When Mary closed her laptop, Lara said, “I love it. In my estimation, Kristi ranks right up there with the top authors of children’s books.”

She handed Mary a portfolio containing the illustrations for A Home for Tina. “Thanks for showing my illustrations to your publisher friend, Mary.”

Mary nodded absently, opened the portfolio and paged through the illustrations inside. “Thanks for bringing these by. Your characters bring back some of my fondest childhood memories, Lara. My parents often despaired because I lived in my own imaginary world. Donald Duck, Road Runner, Minnie and Mickey Mouse were as real to me as my best friend Tia Brooks.

“I talked to Minnie on the phone daily, and I invited a whole cast of cartoon characters to my tea parties. If anyone had walked in and heard my conversations with my best buddies, I would have been packed off to a looney bin.

“What impresses me about your work is the way you’ve been able to create personalities for your characters. Your Tina has more personality than Minnie and Mickey combined. And Ralphie is adorable. When he peeks out from behind the door and winks, I want to giggle.”

“Thanks, Mary. I developed Ralphie’s personality around elements of Chris’ personality. Chris can get so wrapped up in his own private world that when his devilishness shines through, I’m always caught by surprise.”

Mary laughed. “Does Chris know that he was your inspiration for Ralphie?”

Lara grinned. “No, but he likes Ralphie. If he asks, I’ll tell him that any similarities are purely coincidental.”

“Lara, I apologize for putting you in an awkward position when I invited you to attend the book fair. I should have realized that the timing was wrong. If I created a situation that caused pain, I’m deeply sorry.”

“It’s my fault, Mary. I should have said no when you asked. I like to pretend that my life is normal, but it’s not. As for the invitation, your confidence in my work has boosted my confidence. Thank you for believing in me.”

“I believe in you and your work, Lara, but I’m aware that the road to becoming a first-time author can be daunting. Charming illustrations and spell-binding stories don’t always get published. JK Rowling’s first Harry Potter book was rejected several times. You can’t take rejection personally. You’ll have to brush it off, and keep on writing. A yes depends on how many new authors have submitted work and what’s selling.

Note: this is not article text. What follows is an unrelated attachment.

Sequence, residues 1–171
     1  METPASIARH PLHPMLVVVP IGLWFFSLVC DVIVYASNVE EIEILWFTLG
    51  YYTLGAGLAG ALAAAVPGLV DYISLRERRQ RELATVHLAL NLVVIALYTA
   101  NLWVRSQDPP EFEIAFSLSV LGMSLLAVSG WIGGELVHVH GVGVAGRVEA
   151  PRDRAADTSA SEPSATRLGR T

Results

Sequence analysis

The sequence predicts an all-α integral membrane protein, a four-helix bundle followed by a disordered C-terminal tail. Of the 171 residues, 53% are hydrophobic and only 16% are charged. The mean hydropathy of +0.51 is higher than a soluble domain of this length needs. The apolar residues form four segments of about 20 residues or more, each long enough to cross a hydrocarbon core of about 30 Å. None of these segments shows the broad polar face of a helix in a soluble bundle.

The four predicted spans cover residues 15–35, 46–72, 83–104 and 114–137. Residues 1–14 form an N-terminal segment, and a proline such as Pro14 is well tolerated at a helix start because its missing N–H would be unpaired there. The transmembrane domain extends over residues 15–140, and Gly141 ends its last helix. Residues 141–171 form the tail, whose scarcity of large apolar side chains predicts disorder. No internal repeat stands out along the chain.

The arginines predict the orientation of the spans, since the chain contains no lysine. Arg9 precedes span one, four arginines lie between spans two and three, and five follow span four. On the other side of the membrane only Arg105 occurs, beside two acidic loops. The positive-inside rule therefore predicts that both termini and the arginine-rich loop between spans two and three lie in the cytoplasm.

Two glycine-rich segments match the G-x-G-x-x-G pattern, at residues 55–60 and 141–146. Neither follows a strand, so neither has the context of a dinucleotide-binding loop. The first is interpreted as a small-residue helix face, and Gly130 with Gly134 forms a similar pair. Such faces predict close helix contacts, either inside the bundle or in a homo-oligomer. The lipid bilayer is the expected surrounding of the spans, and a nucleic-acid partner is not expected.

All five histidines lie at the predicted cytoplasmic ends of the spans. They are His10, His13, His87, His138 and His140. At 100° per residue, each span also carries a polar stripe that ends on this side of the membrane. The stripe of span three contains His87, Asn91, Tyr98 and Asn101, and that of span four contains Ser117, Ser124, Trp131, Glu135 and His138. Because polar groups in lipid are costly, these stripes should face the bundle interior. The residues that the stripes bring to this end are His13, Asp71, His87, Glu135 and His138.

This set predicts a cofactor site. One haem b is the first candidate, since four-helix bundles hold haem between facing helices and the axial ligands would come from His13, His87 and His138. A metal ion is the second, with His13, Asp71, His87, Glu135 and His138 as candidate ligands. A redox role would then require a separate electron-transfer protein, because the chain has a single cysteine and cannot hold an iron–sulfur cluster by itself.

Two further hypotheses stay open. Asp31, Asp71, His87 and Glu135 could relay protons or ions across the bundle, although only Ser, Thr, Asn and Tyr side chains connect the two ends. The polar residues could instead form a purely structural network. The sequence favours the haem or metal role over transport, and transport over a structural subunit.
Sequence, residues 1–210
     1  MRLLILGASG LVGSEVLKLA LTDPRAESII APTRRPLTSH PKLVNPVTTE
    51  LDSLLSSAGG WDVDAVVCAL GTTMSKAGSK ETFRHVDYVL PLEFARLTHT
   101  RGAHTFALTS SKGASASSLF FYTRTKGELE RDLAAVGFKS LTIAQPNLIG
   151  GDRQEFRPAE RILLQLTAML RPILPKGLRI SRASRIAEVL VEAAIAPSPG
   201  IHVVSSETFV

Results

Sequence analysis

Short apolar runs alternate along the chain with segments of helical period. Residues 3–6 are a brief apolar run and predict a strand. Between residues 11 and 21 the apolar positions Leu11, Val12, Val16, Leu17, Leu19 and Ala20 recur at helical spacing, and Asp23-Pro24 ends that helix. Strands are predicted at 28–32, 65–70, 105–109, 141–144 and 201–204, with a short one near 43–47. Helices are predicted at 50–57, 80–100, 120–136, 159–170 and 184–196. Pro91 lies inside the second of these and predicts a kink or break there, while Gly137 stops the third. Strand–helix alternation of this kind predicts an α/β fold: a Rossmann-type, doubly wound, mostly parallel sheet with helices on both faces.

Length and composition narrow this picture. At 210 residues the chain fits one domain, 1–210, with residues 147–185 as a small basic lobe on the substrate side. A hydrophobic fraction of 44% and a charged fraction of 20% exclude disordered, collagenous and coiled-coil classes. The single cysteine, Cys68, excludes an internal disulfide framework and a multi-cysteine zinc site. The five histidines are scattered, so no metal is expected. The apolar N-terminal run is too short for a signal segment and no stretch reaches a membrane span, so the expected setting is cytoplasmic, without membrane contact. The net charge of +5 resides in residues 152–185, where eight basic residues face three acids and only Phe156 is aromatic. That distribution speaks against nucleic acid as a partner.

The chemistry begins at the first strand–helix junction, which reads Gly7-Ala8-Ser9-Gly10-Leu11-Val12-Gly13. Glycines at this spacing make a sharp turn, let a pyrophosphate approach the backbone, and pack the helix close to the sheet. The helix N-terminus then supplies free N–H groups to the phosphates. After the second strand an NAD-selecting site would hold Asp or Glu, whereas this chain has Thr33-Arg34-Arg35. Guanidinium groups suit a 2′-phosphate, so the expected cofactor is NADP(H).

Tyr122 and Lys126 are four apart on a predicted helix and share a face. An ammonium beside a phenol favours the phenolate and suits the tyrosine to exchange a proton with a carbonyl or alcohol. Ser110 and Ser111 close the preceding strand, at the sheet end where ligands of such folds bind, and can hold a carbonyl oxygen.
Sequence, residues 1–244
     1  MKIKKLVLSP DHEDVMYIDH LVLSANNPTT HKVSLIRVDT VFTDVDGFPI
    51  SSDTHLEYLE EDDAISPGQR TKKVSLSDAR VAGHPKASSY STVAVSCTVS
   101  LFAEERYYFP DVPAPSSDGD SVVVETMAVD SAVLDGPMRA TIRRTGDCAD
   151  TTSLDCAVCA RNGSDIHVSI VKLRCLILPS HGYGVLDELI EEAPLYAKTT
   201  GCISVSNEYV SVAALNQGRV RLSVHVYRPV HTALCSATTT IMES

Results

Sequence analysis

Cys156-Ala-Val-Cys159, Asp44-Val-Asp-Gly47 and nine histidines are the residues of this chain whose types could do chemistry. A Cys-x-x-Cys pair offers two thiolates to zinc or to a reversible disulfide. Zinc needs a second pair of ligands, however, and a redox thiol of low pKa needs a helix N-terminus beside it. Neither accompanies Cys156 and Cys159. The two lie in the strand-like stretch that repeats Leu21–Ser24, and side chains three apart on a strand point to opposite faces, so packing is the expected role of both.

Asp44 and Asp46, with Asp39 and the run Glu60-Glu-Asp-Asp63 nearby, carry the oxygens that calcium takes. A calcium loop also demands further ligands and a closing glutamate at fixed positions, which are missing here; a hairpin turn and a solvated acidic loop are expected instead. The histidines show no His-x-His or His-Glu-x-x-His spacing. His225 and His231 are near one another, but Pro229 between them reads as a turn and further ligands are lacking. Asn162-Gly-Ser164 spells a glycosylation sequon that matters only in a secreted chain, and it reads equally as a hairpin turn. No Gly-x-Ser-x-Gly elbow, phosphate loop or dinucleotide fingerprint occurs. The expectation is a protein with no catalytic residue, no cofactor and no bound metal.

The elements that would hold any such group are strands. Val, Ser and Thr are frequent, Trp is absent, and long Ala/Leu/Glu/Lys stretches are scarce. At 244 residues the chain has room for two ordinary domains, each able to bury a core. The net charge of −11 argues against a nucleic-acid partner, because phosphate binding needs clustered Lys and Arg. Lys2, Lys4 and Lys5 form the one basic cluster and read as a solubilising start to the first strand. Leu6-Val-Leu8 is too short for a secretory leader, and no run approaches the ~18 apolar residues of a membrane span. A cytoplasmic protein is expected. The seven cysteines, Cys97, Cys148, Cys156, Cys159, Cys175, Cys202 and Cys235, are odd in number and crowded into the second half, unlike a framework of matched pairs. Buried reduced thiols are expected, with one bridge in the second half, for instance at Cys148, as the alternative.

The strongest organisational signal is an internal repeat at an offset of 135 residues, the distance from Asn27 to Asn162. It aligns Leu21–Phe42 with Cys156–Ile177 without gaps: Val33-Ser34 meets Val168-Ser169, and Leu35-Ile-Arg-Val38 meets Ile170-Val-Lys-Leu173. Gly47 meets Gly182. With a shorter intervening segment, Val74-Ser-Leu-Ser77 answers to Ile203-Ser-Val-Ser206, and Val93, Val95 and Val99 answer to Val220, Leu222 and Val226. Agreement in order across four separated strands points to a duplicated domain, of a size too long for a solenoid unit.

“I am certain that Bob will agree that your work shows promise. But . . . even if you had accompanied me to Florida, I could not have guaranteed an offer to publish.”

“I didn’t expect one. The most I expected was encouragement. A Home for Tina will always be special to me, even if the feedback is negative. The inspiration for the illustrations and story came at a time when I desperately needed something positive to keep my mind off the negatives in my life. I poured my heart and soul into the book. Any positive feedback will be icing on the cake.”

Mary closed the portfolio. “If you really mean that, you’ll be fine. I know that it’s not the same, but I’ll send photos and news briefs about what’s going on at the book fair. I think that you will enjoy having a glimpse of the world of books.

“Your mom’s big day has been on my mind too. Is she ready for the concert?”

“She says she is. She excited about the number of people in Shafer Lake who plan to attend. St. Paul’s purchased a dozen tickets for the teens who attend Teen Night in the square. Brian is going to drive the church van.”

“Does the teen group plan to stay in Hazelton overnight?”

“They will be staying at our house. Wesley and Fran have agreed to be chaperones. Greta and I are staying at Aunt Maddie’s.”

“Can you accommodate that many people?”

“There are enough beds for the adults, but the youth plan to carry sleeping bags. It should be a fun evening, even for the teens who aren’t music lovers.”